No Match Found
The EU sustainable finance taxonomy explicitly applies to all companies. Not only the financial sector will have to explain to what extent investments are 'green', companies from other sectors will also have to clarify this type of information. This means that all companies covered by the decision to provide non-financial information will have to classify turnover and (capital) expenditure if they can be classified as ecologically sustainable. This requires an effort, but also offers opportunities and benefits on capital markets. PwC's sustainable finance specialists Joukje Janssen and Marcus Looijenga discuss the background to and consequences of these regulations.
Janssen and Looijenga stress that the recently adopted legislation in the field of the EU action plan for financing sustainable growth supports the importance of the transition to that sustainable growth, including its financing.
The recently adopted legislation has the following starting points:
Janssen: ‘It is the intention of the European Commission (EC) that the financial sector steers sustainable growth in all sectors through the investments they make.’
‘The EC sees the need to support an acceleration of sustainable growth through regulation,’ says Looijenga. ‘In 2018, the EU action plan for financing sustainable growth was adopted for this purpose.’
This EU Action Plan has three main objectives:
These objectives have been translated into several actions which give further shape to these objectives. The two most important ones concern companies from all sectors that currently already have to comply with the Non-Financial Reporting Directive 2014/95 (NFRD):
Article 8 of the 'Regulation on the establishment of a framework for the promotion of sustainable investment' (2019/2088), in force since 12 July 2020, requires companies subject to the NFRD to provide specific disclosures on these objectives as of 2022. This applies to all Public Interest Entities (PIEs) with more than five hundred employees.
In order to determine which activities are considered 'ecologically sustainable', the aforementioned taxonomy will be applied. The application of the taxonomy for companies that do not fall within the financial sector is basically tantamount to earmarking activities that, according to the taxonomy, contribute to the following environmental objectives:
The EU is currently working on the content and presentation, including the methodology to be used. This will be elaborated in a delegated act to be adopted by 1 June 2021 at the latest.
Looijenga: 'Companies can already prepare themselves by classifying activities that can be classified as ecologically sustainable under the first two environmental objectives. I am talking about the mitigation of, and adaptation to, climate change'.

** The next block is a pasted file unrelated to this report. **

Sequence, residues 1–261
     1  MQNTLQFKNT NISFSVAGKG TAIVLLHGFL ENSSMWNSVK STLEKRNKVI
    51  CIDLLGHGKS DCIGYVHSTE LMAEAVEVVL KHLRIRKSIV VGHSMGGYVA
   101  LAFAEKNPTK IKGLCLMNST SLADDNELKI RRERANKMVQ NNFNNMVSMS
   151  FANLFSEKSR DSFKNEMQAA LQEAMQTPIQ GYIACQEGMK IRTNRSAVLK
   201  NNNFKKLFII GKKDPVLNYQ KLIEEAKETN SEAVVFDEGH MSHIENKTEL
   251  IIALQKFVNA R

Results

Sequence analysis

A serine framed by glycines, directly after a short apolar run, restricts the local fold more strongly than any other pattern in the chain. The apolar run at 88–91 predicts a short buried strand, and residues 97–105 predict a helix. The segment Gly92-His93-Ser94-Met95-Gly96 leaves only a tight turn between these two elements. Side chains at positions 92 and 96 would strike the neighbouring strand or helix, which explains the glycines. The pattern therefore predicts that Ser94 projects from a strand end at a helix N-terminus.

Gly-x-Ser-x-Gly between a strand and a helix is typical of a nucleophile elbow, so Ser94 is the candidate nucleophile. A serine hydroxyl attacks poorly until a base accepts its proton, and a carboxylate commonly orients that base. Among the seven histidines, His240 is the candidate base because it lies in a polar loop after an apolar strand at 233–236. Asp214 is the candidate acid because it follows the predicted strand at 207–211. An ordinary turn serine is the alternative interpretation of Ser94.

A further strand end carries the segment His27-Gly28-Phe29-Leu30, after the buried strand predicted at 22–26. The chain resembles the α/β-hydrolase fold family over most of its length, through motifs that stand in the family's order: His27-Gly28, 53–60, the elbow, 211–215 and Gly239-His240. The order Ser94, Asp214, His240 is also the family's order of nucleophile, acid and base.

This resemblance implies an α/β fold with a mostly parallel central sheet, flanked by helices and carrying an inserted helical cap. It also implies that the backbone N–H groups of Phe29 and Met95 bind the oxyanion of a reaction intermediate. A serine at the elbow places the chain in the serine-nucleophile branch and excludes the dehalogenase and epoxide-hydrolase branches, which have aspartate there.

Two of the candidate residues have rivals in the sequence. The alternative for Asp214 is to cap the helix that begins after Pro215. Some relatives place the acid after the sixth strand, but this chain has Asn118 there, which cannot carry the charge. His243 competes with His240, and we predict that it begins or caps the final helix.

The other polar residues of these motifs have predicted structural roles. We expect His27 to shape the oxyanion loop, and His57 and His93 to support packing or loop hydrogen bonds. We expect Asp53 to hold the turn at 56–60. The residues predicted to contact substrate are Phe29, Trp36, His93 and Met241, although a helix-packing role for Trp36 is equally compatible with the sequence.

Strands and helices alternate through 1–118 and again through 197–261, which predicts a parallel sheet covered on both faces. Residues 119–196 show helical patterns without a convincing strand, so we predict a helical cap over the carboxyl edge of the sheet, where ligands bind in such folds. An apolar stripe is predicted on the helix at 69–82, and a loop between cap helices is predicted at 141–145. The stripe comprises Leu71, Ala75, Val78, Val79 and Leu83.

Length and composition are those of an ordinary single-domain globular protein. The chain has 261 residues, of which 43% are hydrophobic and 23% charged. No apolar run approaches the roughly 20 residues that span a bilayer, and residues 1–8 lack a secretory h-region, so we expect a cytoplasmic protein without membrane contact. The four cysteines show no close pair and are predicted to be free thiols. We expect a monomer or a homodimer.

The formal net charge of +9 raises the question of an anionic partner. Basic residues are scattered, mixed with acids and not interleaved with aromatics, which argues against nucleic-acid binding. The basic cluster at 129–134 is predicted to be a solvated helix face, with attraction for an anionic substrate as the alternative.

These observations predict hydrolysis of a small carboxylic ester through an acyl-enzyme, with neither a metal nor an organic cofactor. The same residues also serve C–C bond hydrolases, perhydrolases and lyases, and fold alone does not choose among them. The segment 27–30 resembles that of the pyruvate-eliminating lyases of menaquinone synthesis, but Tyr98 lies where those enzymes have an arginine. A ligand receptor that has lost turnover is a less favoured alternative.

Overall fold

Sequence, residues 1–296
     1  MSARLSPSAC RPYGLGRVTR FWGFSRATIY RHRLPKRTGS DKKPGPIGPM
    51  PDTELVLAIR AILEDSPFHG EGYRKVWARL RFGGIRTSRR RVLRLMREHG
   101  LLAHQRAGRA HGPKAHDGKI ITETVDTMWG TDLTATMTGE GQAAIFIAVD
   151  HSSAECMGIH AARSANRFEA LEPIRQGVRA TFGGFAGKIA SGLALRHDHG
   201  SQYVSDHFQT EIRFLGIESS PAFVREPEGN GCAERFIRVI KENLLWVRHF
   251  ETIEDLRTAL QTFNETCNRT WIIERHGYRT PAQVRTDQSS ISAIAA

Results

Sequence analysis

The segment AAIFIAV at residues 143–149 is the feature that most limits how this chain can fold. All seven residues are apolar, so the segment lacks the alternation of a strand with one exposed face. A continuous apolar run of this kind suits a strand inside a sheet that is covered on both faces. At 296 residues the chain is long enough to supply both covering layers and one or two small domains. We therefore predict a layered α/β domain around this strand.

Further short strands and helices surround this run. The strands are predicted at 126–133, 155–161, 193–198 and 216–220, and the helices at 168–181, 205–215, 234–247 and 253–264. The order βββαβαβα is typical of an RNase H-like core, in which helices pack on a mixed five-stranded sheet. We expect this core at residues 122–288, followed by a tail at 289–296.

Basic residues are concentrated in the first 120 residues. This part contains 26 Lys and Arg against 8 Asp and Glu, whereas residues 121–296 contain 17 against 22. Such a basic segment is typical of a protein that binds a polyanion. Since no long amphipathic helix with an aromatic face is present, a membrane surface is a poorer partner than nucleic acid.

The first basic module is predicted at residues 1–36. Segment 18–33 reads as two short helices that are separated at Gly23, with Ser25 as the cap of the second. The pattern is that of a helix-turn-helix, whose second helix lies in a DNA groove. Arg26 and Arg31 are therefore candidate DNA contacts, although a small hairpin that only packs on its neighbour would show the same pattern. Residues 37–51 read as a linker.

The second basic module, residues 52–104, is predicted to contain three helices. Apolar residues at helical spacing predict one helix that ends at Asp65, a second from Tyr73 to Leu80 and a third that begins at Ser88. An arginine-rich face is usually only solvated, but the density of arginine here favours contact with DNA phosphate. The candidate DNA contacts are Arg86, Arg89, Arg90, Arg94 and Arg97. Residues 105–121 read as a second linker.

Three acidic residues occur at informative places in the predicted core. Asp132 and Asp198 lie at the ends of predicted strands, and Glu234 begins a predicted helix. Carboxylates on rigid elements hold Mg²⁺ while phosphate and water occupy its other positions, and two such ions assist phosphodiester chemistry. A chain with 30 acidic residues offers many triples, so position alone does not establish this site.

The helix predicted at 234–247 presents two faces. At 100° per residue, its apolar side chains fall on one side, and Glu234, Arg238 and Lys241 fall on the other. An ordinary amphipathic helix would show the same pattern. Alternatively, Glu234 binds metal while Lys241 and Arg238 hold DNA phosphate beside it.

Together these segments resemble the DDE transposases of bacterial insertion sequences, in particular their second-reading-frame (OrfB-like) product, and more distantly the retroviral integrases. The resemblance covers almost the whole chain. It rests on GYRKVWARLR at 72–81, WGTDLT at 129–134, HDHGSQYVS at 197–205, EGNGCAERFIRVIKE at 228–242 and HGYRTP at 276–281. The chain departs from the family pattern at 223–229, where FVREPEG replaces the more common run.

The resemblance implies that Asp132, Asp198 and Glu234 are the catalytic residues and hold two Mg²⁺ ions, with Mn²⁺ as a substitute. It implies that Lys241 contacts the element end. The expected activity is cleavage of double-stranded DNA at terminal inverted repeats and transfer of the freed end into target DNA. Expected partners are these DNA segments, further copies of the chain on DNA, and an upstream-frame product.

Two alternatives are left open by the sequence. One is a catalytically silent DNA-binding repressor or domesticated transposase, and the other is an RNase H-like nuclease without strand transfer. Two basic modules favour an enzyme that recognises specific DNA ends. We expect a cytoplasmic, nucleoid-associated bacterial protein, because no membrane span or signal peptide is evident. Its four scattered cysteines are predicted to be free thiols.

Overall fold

An economic activity can be considered ecologically sustainable if that economic activity:
contributes substantially to one or more of the environmental objectives;
does not seriously undermine the environmental objectives (see below);
is conducted in compliance with the OECD Guidelines for Multinational Enterprises, the UN Guiding Principles on Business and Human Rights, including the principles and rights set out in the eight fundamental conventions referred to in the International Labour Organisation (ILO) Declaration on Fundamental Principles and Rights at Work and in the International Bill of Human Rights;
meets the technical screening criteria established by the EC.
For the latter part, the taxonomy should be used. This nearly 600-page report describes what may be considered ecologically sustainable. This requires an effort and the necessary expertise.
Janssen: 'Despite the required effort and expertise, companies can also benefit from this scheme at the same time. The capital markets are looking for these 'green' investments to show that investment portfolios meet the sustainable development that the EC requires of them'. The broad societal support base supports this,' adds Looijenga. Companies can reduce financing costs through the correct application of the taxonomy and attract new investors who have the long term in mind.
The 'regulation on establishing a framework for the promotion of sustainable investment' (2019/2088) is not the final part of work of the EU Action Plan for financing sustainable growth. Looijenga: 'More regulation will follow. For example, it is expected that the NFRD will be expanded in topics, in the scope of companies that have to comply with it, and in the requirement for assurance on the non-financial information'.
Janssen: 'Companies that can mark their turnover and (capital) expenditure as sustainable ecological in a clear and timely manner will be best prepared for further legislation. And they will be the first to seize the opportunities and benefits on the capital market. So it's time to take action!